Libya. And Putin has said the same thing. Others say, as I mentioned, that he actually is targeting South Korea, and wants to potentially have

some kind of military confrontation that ends the Korean war on Pyongyang's terms.

Do you understand Kim Jong-un's motives?

MOON: I would say it is a very simple and straightforward. Protection of North Korean leadership, protection of North Korean institution and regime,

and protection of North Korean people. Those are the three major goals behind North Korea's nuclear weapons.

AMANPOUR: So you know President Moon very, very well. He himself is the son of North Korean refugees.

What is he feeling right now? I mean, he was against THAAD. Now he's pro- THAAD. You know, he was definitely for some kind of negotiated outcome. And now he's -- you know, he's in a very, very crisis situation.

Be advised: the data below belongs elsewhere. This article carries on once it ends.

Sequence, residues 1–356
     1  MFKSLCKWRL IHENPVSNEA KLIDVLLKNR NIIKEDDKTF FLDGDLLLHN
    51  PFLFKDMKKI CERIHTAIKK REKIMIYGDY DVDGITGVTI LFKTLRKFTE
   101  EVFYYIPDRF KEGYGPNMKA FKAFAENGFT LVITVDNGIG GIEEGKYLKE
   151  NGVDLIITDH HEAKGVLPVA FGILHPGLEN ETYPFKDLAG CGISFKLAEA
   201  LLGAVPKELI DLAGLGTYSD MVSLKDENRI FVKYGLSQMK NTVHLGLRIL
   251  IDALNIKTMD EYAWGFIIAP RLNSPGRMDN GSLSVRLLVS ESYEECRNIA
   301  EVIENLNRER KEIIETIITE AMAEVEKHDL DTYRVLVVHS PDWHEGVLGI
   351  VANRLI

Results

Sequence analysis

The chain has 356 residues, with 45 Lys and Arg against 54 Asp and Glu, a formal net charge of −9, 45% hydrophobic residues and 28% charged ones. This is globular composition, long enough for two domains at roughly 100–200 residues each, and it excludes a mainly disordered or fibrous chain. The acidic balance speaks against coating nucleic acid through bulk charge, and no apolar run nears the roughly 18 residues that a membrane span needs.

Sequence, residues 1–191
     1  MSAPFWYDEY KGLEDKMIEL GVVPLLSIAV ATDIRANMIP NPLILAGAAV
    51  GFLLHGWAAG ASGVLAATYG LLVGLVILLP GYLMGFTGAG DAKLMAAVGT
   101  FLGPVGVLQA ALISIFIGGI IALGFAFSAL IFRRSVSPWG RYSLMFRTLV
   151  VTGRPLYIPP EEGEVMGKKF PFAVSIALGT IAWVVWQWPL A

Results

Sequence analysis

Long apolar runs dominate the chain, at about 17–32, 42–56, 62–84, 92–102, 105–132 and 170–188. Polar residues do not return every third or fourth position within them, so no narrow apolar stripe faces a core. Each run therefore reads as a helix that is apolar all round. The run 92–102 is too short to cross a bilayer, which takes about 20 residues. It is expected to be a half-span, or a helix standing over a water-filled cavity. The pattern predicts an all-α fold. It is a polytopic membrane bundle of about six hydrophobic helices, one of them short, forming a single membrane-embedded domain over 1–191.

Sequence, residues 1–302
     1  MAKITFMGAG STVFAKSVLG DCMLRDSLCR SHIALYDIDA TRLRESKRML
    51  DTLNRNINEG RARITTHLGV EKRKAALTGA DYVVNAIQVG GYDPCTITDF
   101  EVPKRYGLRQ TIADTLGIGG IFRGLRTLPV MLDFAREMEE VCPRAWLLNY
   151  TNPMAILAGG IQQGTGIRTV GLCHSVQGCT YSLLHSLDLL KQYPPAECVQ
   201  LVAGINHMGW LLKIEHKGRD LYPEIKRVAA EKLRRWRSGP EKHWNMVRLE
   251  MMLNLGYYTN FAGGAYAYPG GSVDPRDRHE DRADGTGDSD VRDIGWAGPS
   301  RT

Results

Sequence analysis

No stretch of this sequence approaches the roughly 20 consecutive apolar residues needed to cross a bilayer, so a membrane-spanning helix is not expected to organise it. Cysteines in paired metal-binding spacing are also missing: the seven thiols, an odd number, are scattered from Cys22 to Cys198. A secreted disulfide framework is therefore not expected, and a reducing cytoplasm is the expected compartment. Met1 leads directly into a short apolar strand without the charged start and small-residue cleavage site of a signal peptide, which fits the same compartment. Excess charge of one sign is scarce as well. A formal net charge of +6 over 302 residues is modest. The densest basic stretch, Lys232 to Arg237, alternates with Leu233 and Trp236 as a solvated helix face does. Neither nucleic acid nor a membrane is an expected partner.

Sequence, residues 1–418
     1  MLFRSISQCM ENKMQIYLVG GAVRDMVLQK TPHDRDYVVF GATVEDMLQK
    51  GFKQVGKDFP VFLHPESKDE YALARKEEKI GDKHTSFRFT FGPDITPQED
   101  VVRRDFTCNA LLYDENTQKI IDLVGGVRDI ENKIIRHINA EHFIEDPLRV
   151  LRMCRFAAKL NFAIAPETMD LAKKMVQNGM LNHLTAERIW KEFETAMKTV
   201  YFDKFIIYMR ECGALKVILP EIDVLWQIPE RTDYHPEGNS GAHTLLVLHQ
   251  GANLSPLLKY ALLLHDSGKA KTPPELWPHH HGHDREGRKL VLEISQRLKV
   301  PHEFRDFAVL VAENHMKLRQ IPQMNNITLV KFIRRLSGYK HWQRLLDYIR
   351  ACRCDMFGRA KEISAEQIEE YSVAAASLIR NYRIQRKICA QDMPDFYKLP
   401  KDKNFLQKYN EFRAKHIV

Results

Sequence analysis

What's going on with the president right now, the new president of South Korea with this first major test of his office?

MOON: President Moon is very much agonizing the current development. As you pointed out, he was against the deployment of THAAD, OK. At the same

time, he was a strong proponent of dialogue and negotiation with North Korea. But as North Korea continued to show unruly behavior and

provocation, he became extremely disappointed with North Korea and he's tilting toward sanctions and pressures and even deployment of American

THAAD system in South Korea. The situation, changing circumstances have altered his attitude.

AMANPOUR: Is the president scared? I mean, are the people of South Korea scared right now?

MOON: Yes, we are scared, but we still do not believe in the future -- you know, optimism. We believe that our government in cooperation with allies

and friends, we can resolve North Korean nuclear problem. Without that, you know, optimism, then there is no hope for us.